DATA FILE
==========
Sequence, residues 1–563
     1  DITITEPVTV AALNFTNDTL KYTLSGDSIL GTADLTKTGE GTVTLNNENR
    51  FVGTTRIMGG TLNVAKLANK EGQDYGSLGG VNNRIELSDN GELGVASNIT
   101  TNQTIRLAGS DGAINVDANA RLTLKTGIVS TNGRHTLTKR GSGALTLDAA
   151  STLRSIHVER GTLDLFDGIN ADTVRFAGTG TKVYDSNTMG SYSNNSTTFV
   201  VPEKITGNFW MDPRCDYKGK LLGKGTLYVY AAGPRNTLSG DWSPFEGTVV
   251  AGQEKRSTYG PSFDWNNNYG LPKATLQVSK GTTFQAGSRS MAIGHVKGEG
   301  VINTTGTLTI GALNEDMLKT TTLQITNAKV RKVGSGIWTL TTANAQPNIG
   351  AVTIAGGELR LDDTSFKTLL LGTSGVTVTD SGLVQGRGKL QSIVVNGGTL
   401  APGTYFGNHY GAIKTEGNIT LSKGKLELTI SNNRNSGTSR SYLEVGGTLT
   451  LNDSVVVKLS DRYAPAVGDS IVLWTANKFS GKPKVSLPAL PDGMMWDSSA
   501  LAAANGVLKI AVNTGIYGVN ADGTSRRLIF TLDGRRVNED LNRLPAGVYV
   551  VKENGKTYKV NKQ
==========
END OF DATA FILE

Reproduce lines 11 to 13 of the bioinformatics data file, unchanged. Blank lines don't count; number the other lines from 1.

   451  LNDSVVVKLS DRYAPAVGDS IVLWTANKFS GKPKVSLPAL PDGMMWDSSA
   501  LAAANGVLKI AVNTGIYGVN ADGTSRRLIF TLDGRRVNED LNRLPAGVYV
   551  VKENGKTYKV NKQ